The Japanese experience made it clear that when the private sector is minimizing debt (or deleveraging) with very low interest rates, there is little that monetary policy can do.The government cannot tell the private sector don’t repay your balance sheets because private sector must repair its balance sheets. In Koo’s words: “the only thing the government can do is to spend the money that the private sector has saved and put that back into the income stream” – which (rightly or wrongly) places the US economy in the hands of the US Congress (and makes the Fed irrelevant).
DEIRDRE BOLTON, BLOOMBERG NEWS ANCHOR: Based on the data points, the economic data points we’ve got in the past month, how likely is it that the U.S. is heading towards a lost decade? Is it more or less likely than what you told us about four to six months ago?
RICHARD KOO, CHIEF ECONOMIST, NOMURA RESEARCH INSTITUTE: Well, it is beginning to look more like Japan. The amount of house price declines, the commercial real estate price declines there, all following the Japanese pattern very precisely and very slow GDP growth, even with all this monetary easing, QE2, possibly QE3.
So yes, to me, the United States is going through the same process of what I call balance sheet recession, that Japan went through 15 years earlier.
BOLTON: You mentioned the possibility of QE3. What should Ben Bernanke do today in his speech and then what should he do as a follow-up action?
KOO: Well, actually, the Japanese experience told us that when private sector is minimizing debt or deleveraging with very low interest rates, there’s very little monetary policy can do.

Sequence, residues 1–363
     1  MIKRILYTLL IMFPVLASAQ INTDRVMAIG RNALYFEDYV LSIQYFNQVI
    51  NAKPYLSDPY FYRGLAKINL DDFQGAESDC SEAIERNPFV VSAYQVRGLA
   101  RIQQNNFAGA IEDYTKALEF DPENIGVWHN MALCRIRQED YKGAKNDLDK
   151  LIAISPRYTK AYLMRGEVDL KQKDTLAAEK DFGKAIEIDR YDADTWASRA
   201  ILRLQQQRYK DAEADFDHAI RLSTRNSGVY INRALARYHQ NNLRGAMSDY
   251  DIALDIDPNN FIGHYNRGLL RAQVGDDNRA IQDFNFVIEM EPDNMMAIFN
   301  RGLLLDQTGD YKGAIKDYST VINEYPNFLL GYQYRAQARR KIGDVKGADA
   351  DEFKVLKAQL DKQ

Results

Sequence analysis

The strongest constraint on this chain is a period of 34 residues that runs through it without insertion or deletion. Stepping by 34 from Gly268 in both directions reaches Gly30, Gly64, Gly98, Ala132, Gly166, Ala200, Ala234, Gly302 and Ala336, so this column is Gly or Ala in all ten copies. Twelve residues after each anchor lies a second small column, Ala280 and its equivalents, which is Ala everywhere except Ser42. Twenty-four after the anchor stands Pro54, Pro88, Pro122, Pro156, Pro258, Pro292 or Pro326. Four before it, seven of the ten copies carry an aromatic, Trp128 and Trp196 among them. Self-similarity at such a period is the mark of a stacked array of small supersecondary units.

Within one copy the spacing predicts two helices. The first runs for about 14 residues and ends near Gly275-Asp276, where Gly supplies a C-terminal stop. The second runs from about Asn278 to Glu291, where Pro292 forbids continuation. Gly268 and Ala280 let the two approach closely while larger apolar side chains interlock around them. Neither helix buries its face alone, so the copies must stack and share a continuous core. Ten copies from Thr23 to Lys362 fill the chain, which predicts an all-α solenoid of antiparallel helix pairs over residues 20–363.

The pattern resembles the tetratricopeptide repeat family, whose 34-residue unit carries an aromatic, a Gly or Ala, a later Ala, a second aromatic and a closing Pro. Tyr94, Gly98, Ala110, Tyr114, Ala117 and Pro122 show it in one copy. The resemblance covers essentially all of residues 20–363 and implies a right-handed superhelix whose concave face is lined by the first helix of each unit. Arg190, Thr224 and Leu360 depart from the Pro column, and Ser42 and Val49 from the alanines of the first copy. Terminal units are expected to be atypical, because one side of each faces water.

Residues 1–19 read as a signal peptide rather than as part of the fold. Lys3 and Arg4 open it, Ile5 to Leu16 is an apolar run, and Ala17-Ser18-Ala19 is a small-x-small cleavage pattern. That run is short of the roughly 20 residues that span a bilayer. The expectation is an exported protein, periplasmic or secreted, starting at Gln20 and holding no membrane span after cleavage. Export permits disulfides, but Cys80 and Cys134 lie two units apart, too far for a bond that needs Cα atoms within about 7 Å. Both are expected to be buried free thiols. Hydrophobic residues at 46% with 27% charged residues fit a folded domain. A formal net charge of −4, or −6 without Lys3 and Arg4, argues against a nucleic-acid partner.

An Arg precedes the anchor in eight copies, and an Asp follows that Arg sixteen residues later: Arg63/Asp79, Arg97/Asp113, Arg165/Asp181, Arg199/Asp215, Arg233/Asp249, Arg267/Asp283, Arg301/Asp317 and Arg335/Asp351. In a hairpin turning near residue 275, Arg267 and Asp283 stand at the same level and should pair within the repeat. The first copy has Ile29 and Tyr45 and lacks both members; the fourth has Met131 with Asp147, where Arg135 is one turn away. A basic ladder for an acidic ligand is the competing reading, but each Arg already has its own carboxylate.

In fact, Chairman Bernanke has been saying, since the middle of last year that this is no time to cut budget deficit. The fiscal stimulus should be in place because I think he also understands that under the circumstances, there’s so little that monetary policy can do.
But there’s a lot the fiscal policy can do to keep the U.S. economy from losing its bottom.
BOLTON: Richard, how.
KOO: And so I think he should continue to push that line. Yes?
BOLTON: Continue to push that line and maybe try to subtly encourage Washington to take a little bit more control. Sounds like you think that Congress should do something.
KOO: Yes, because when people are deleveraging even with zero interest rates, that means they are very sick. The private sector is very sick and in need of help because their balance sheets are under water.
And then that’s the case, even if Federal Reserve lowers interest rates, puts liquidity into the market, the private sector cannot really respond because they have balance sheet problems.
And the government cannot tell the private sector don’t repay your balance sheets because private sector must repair its balance sheets. So the only thing the government can do is to spend the money that private sector has saved and put that back into the income stream.
And that, I think is what the U.S. has to do. And that means this is no time to cut budget deficit. You have to maintain the fiscal stimulus until private sector is healthy enough to start borrowing and spending money again.